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Anette Bøe Wolff, Lars Breivik, Karl Ove Hufthammer, Marianne Grytaas, Eirik Bratland, Eystein Sverre Husebye, and Bergithe Eikeland Oftedal

Background: The most common cause of primary adrenal failure (Addison’s disease) in the Western world is autoimmunity characterized by autoantibodies against the steroidogenic enzyme 21-hydroxylase (CYP21, 21OH). Detection of 21OH-autoantibodies is currently used for etiological diagnosis, but how levels of 21OH-antibodies vary over time is not known.

Setting: Samples from the national Norwegian Addison’s Registry and Biobank established in 1996 (N=711). Multi-parameter modelling of the course of 21OH-antibody indices over time.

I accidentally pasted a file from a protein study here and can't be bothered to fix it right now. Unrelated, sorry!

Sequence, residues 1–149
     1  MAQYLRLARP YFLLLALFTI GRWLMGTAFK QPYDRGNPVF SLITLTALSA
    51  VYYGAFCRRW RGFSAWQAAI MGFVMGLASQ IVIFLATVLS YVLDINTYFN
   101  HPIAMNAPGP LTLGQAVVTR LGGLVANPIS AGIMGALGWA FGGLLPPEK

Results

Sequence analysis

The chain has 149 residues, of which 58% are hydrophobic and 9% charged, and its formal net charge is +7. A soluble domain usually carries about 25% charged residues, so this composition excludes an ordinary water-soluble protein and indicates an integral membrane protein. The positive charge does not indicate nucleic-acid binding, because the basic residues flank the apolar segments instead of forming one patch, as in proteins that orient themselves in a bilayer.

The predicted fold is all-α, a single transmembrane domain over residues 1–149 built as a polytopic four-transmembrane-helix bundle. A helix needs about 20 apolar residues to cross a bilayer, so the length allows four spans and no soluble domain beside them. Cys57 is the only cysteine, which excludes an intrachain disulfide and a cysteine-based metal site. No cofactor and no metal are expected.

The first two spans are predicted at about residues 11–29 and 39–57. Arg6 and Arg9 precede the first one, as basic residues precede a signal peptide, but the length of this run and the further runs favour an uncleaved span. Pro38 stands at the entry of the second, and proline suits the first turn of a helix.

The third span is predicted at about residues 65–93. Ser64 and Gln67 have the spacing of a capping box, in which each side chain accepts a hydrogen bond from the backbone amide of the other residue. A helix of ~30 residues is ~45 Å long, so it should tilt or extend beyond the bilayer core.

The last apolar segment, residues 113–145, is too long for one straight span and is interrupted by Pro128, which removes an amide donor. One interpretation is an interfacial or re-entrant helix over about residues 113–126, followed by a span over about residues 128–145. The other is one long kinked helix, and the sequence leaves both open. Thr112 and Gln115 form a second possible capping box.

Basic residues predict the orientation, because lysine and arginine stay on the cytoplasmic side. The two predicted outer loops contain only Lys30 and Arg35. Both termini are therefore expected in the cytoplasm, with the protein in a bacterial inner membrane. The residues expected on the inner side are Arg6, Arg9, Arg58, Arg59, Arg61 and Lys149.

Results: 21OH antibody positivity is remarkably stable, and >90% of the patients are still positive 30 years after diagnosis. Even though the antibody levels decline with disease duration, it is only rarely that this downturn reaches negativity. 21OH-antibody indices are affected by age at diagnosis, sex, type of Addison’s disease (isolated vs. autoimmune polyendocrine syndrome type I or II) and HLA genotype.

Conclusion: 21OH-autoantibodies are reliable and robust markers for autoimmune Addison’s disease, linked to HLA risk genotype. However, a negative test in patients with long disease duration do not exclude autoimmune etiology.